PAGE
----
My class has been working on a narrative writing project in writer’s workshop. Now we just need to add a little more spice! Whether you teach personal narratives, creative story writing, or historical fiction, it’s the perfect time to introduce writing dialogue in a story. We’ve worked really hard on writing descriptive stories. Dialogue can make our stories more interesting, teach the reader about our characters, add to the mood of a story and help move our story plot along. But how in the world do you teach dialogue punctuation rules to your students?
I have gathered some of the best ways to teach punctuating dialogue in 3rd and 4th grade and shared them in this blog post! The rules for using quotation marks in dialogue can be tricky for elementary students, so they will need a lot of modeling and practice! The best part is that you can use these as mini dialogue lesson plans to supplement any writing curriculum!
But how do you explain dialogue to a child?
I use this anchor chart to talk about what dialogue is and when authors use it in writing. It’s also important to define quotation marks at this stage as a type of punctuation that authors use. I explain it as marks we use that go around the exact words or sounds that characters say or anything that a character thinks aloud.
Introducing Dialogue Punctuation in Elementary
A good place to start when introducing dialogue in narrative writing is the basic vocabulary students will be using. Knowing the correct terminology will help your writers be more confident when writing dialogue in a sentence. I use this writing anchor chart I created that explains speaker tags in dialogue. Speaker tags can go at the beginning, middle or end of dialoge sentences. Speaker tags in the middle always seem to give my students more trouble, so I give more examples of those if necessary. I printed out the anchor chart and had them glue it into their writing notebooks.
Students work on identifying the speaker tags in examples of dialogue sentences. They can do this in small groups, with a partner, or independently. I use this resource. I quickly assign the slides in Google Classroom with the dialogue anchor chart.
I have also printed the slides out and had them use highlighters to find the speaker tags in sentences with dialogue. Identifying speaker tags in dialogue is usually the easy part for my elementary students.
How to Teach Punctuating Dialogue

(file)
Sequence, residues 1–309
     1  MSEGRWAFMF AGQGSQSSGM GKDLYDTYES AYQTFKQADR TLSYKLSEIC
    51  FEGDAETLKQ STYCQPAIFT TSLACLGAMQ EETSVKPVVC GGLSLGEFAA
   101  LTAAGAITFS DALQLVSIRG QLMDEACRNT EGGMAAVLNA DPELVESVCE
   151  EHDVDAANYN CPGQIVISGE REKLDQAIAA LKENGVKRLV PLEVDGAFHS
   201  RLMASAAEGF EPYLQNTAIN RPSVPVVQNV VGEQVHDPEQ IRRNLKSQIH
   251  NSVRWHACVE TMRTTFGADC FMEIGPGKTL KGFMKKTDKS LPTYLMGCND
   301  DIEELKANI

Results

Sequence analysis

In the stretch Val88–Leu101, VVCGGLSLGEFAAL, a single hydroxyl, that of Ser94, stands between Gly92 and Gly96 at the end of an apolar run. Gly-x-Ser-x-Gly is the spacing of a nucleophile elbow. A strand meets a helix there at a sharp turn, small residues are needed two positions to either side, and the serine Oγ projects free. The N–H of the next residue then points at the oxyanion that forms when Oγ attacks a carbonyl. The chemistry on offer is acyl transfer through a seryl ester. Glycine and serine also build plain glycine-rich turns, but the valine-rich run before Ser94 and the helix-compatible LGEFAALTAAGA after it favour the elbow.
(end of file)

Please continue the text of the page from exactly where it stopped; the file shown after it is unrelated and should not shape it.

Teaching elementary students how to use quotation marks in dialogue can be so tricky! I teach the rules of dialogue punctuation using this writing anchor chart on my whiteboard. Then we glue the dialogue rules anchor chart into our writer’s notebook so we can refer to it during independent writing.
Here are the main dialogue rules:
- Start a new paragraph and intent each time a new character talks.
- Use quotation marks around words the character is actually saying or thinking.
- Capitalize the first word inside the quotation marks.
- Always put punctuation inside the quotation marks.
- When you use quotation marks, you’re probably going to need a comma somewhere!
To apply their new knowledge, I created these slides with dialogue examples for students. This gives students hands on practice punctuating dialogue in a variety of ways. I model dragging and dropping the quotation marks, commas and other punctuation marks to the correct places in the sentences in a whole group on my white board. Then, I assign a few slides for them to complete with a partner. Then I assign a few more for them to complete independently. A few of the slides can be printed out and used as a worksheet. I remind students to use their anchor charts when they’re working.
If we have time, I allow students to share their dialogue examples with the class. The confident writers will get a chance to look back over their writing, and the reluctant or struggling writers will get to hear more dialogue examples. Its a win win for the class.
Time to Add A Little Razzle Dazzle to Our Dialogue
I do a mini lesson to teach synonyms for said so our dialogue is more exciting. I created this little anchor chart (in the interactive writing notebook pictured above) that has examples of other words for said to get them thinking. We glue it into our writing notebooks towards the top of the page. Next students look through some free reading books in their book boxes to find more synonyms for said we can add at the bottom of the page. They love this part! They could literally go on for an hour looking for words to replace said in dialogue sentences! I love listening to them find dialogue in a sentence. The gasps! The squeals! Teachers live for these moments!
How To Teach Using Dialogue in Stories Effectively
Students can most definitely overuse dialogue in a story! We don’t need to include the entire conversation between characters. That can be really confusing for our readers. I tell my students that authors use dialogue to help develop the story with important details like feelings, thoughts, and events. Good authors use dialogue in a meaningful way that adds to the story.